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Jin, ML; Dickinson, RE (2010). Land surface skin temperature climatology: benefitting from the strengths of satellite observations. ENVIRONMENTAL RESEARCH LETTERS, 5(4), 44004.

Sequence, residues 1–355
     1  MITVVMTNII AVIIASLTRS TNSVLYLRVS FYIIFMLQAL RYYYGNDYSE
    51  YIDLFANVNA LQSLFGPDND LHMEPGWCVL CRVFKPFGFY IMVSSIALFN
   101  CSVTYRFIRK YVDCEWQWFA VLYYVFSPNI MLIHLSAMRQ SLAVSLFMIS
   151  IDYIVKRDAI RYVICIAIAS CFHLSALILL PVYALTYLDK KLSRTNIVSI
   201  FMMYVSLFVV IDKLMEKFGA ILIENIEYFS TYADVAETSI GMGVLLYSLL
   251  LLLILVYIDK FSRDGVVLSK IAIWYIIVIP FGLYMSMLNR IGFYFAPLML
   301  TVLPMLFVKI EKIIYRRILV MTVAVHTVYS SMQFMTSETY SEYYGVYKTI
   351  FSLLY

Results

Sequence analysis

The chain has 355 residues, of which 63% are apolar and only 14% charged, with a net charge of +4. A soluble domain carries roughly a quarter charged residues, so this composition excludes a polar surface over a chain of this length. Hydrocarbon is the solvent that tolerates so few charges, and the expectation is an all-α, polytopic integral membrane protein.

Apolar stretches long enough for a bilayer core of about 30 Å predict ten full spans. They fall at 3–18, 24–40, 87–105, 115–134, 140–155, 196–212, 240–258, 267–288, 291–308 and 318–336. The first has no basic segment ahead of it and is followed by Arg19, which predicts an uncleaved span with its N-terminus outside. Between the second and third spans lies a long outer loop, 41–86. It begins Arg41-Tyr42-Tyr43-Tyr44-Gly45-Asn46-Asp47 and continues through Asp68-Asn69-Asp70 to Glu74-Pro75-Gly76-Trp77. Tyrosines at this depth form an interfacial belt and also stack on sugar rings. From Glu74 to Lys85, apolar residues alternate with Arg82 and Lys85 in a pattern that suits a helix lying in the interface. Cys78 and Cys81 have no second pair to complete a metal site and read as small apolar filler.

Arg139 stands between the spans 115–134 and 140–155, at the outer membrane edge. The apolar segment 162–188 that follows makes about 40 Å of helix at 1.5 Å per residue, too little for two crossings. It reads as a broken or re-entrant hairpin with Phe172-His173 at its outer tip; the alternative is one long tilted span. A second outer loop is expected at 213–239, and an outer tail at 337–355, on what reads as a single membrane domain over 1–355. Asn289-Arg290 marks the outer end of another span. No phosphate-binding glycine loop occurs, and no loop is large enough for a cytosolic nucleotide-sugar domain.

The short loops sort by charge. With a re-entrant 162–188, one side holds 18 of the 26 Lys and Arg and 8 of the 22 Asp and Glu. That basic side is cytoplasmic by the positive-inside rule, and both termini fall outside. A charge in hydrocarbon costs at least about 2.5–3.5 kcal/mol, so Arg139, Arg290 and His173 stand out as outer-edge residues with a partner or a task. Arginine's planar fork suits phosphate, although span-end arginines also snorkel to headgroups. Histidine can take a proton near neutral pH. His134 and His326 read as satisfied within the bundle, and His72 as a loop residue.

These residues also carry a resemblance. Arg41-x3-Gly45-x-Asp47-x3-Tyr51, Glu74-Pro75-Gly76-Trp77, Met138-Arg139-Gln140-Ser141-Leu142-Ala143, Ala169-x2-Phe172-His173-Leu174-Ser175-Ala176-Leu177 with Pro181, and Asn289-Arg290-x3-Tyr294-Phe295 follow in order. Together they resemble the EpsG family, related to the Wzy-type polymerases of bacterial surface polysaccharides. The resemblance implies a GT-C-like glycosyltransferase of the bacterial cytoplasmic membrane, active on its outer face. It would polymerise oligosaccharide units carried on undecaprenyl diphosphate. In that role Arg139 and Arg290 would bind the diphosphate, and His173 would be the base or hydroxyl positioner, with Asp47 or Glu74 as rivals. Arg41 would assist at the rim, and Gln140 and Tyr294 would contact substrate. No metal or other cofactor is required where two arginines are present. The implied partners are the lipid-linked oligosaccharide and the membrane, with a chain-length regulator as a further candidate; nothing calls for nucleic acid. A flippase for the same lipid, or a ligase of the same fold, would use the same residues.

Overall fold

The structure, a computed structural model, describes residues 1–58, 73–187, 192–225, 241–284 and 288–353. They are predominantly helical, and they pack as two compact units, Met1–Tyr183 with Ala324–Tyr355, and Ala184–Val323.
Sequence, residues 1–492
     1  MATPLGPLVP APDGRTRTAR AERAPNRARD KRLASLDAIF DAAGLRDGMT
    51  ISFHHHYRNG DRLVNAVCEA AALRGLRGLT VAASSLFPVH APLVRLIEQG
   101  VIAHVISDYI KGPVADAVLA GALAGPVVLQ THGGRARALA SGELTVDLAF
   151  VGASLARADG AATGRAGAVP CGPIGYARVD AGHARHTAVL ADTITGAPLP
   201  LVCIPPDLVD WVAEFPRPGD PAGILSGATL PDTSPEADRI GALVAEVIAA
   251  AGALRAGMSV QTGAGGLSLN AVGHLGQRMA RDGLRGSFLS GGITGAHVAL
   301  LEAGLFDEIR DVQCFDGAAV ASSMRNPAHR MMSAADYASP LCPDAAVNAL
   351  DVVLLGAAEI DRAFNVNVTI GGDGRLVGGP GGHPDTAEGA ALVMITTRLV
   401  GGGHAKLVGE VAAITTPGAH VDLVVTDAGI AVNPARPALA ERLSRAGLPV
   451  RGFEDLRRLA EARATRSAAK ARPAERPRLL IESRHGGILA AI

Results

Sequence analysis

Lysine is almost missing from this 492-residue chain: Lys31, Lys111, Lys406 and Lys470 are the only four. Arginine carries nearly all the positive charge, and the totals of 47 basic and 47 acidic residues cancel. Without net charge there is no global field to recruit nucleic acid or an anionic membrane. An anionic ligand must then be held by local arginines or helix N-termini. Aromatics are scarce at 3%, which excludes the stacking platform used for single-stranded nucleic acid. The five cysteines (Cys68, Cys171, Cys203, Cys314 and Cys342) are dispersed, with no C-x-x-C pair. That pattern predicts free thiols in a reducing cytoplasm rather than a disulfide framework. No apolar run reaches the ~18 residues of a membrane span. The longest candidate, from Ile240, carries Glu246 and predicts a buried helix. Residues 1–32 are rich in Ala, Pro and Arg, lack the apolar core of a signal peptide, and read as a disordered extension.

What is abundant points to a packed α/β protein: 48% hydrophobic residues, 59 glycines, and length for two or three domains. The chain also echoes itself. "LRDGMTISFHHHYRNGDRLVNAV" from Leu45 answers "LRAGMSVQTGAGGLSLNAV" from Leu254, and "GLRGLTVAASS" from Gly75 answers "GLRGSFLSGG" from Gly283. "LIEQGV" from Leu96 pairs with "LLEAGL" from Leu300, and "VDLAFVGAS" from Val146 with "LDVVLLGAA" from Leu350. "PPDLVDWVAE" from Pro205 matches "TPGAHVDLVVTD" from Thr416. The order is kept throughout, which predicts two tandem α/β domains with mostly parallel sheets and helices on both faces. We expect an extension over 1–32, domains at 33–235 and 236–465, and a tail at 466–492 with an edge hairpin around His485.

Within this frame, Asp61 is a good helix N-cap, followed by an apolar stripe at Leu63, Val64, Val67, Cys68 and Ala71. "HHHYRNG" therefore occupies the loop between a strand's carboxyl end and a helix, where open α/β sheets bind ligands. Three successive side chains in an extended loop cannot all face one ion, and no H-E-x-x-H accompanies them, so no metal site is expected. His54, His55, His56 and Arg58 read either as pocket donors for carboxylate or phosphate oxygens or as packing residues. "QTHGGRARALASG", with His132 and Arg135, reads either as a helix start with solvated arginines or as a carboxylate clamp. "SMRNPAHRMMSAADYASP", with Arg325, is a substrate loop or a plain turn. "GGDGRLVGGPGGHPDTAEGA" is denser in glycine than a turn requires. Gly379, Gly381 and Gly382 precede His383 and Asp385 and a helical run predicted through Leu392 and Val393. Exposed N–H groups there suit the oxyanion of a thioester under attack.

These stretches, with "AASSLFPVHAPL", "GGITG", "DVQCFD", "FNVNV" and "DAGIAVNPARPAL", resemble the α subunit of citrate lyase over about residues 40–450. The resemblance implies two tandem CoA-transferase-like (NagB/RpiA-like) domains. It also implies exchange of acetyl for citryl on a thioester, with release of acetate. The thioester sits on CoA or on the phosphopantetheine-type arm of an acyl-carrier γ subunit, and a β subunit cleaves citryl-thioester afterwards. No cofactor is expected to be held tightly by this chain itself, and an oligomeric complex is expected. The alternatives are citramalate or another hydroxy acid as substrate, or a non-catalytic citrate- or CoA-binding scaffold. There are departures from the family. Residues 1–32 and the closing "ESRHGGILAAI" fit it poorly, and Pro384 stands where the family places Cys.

Surface skin temperature observations (T-skin), as obtained by satellite remote sensing, provide useful climatological information of high spatial resolution and global coverage that enhances the traditional ground observations of surface air temperature (T-air) and so, reveal new information about land surface characteristics. This letter analyzes nine years of moderate-resolution imaging spectroradiometer (MODIS) skin temperature observations to present monthly skin temperature diurnal, seasonal, and inter-annual variations at a 0.05 degrees latitude/longitude grid over the global land surface and combines these measurements with other MODIS-based variables in an effort to understand the physical mechanisms responsible for T-skin variations. In particular, skin temperature variations are found to be closely related to vegetation cover, clouds, and water vapor, but to differ from 2 m surface T-air in terms of both physical meaning and magnitude. Therefore, the two temperatures (T-skin and T-air) are complementary in their contribution of valuable information to the study of climate change.



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